A Few Notes On Black Shampoo By Leon Chase. What always sticks out in my mind is that spectacular opening build-up. The crackle of damaged film, the name of the production company and then—two notes on an electric bass (open E to F#, I believe)—simple, bottom-heavy, sure, and sticky thick with the promise of the sexual ballet to come...

What always sticks out in my mind is that spectacular opening build-up. The crackle of damaged film, the name of the production company and then—two notes on an electric bass (open E to F#, I believe)—simple, bottom-heavy, sure, and sticky thick with the promise of the sexual ballet to come. Remember, please, that we had no idea what we were in for—us, the Original Three, all bored, sixteen and virginal (well, at least I was anyway...)

We had braved blizzard conditions and nard-choking automotive tailspins just to procure this tape. Mike, the brave Malibu pilot; Leon, the unwitting discoverer; and Steve... what did Steve do? Why, it was in his otherwise wholesome family room that our eyes were opened, our loins awakened, and our souls were forever stained with a new filthy joy. I recall at the onset of the aforementioned bass strains remaking, "With bass like that, it’s gotta be good." Oh, the understatement! The cosmic Zen ironies at work in that nondescript suburban home that night! Only an unbridled naïveté like ours could make a person so willingly plunge into such immeasurable libidic depths!

I still shiver at those two notes, repeating themselves as the screen melts, psychedelia-style, into the image of Mrs. Carruthers, about to get her hair washed, cinematic surrogate for our own anticipation. The images stick with me like a primordial dream...a glint of light on the earthtone sink, the base sensuality of running water, the sure and mighty twist of a shampoo cap, and a new, tenser sound: the first staccato licks of a potent wah guitar, careful; testing the waters, so to speak.

One visual is conspicuously lacking, though—who, we ask ourselves, is doing the shampooing? Even as the shampooee begins writhing in her seat, an obvious slave to both the sexuality of her wash-and-rinse and the quickening funk guitar, we see the man only in pieces—at once a clever suspense tactic and implied comment on his larger-than-life persona. A manly brown hand caressing blonde locks. White jeans, impossibly tight. The bass quickens slightly, the guitar steadies, the two reconcile themselves into a leisurely yet popping groove. A woman’s voice, slinky and steeped in echo, slips into the mix and gives name to this faceless follicle-fingering phenomenon: "Jonathan," she purrs. And then (as if we didn’t know by now) she adds, "He’s a real man."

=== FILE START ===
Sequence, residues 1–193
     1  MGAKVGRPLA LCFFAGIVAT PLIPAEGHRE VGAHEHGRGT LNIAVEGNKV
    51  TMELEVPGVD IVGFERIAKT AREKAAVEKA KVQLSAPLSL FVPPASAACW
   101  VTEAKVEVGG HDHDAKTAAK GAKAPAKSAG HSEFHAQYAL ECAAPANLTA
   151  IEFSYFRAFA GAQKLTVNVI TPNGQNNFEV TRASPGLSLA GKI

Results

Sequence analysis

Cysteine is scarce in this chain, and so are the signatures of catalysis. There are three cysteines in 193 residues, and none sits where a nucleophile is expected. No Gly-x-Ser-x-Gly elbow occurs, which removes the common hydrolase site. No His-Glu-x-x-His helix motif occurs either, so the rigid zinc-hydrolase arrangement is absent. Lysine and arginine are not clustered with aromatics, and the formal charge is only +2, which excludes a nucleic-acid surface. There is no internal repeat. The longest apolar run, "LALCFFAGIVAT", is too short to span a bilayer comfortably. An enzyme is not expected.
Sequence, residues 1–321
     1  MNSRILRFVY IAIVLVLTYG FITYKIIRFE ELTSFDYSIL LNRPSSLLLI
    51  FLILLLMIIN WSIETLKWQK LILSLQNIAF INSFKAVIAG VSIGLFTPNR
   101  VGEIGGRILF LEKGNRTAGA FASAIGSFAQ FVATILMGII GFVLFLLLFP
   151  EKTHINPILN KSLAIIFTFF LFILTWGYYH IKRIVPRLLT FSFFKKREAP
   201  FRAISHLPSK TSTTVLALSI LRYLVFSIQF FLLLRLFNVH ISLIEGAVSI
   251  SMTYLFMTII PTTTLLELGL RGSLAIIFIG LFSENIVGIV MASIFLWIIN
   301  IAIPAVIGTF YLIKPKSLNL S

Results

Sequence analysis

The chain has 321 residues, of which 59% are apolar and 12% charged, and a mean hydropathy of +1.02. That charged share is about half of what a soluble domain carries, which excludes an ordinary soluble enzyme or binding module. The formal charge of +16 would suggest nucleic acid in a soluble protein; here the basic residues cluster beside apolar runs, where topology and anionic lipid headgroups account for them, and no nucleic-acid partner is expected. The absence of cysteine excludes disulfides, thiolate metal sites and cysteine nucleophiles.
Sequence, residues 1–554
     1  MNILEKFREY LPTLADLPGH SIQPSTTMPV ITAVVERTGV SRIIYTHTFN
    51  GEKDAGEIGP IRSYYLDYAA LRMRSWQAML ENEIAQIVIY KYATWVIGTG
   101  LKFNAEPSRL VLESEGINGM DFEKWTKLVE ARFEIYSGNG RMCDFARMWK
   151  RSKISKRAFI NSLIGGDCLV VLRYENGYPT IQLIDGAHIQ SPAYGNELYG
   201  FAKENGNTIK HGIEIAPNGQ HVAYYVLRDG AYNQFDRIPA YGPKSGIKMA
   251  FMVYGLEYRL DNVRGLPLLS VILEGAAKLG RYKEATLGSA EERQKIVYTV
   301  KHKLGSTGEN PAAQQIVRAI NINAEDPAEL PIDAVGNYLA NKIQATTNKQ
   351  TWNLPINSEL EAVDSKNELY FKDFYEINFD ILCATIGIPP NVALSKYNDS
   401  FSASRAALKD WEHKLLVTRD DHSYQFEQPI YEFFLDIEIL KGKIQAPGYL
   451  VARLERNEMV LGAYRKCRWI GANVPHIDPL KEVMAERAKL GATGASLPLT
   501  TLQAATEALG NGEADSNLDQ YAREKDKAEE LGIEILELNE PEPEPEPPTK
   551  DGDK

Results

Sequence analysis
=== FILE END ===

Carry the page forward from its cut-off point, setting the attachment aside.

More rinsing, more booty shaking, the woman drags her fingers down her own increasingly-exposed body until, finally, neither she nor her experiential audience can stand it any longer. She sits straight up in her seat. Her frantic bony hand traces abundant fields of black chest so bursting with virility that not even a polyester shirt can quite cover them. The hand winds down to the zippers, struggles to clear the obvious girth beneath, and next we see her hand on the white clad buttocks, the music breaks down into a single, repetitive four-four kick drum, and all of our greatest hopes and fears are realized.

"Oh my god! Mr. Jonathan! It is bigger and better!"

At this point one can clearly envision composer Gerald Lee bringing his baton down hard, signaling the whole PCP-laced crew to jam with abandon—the bassist unleashing an arsenal of fills, the guitarist’s wah-foot working overtime, and the vocals driven into a frenzy of trance-like repetition: "He’s a real man... he’s a real man... he’s a real man..."

One can also imagine the enormity of the collective "Holy Shit!" that exploded from our awed mouths at this moment, and which only grew as the camera slowly tilted up from the gut to the chest to the stone-cool glare of Mr. Jonathan himself, confident yet disinterested, face framed by an as-yet-immeasurable afro, unwavering even as the groove-soaked chorus sings his praises, the timeless portrait of a sex machine.

He looked into our souls then, as he does now, as he always will for anyone with the blind luck or guts enough to sit back and let him grace their once-chaste screen. And here, in my veteran opinion, is where the true beauty of this hallowed film lies. My fellow pioneers can no doubt sing the praises of its complex storylines or the subtleties of its dialogue or the raw force of its realistic contributions to the great canon of action cinematography—and I would be a fool to argue them. But for me, the greatest thrill—whether in my own memory or in the vicarious joy in the faces of the traditional new converts—will always be in that first sublime, sexually-charged, playful and—dare I say—artful initiation into the sweet place in our hearts called Black Shampoo.

Article revised and available in the Impossibly Funky Collection

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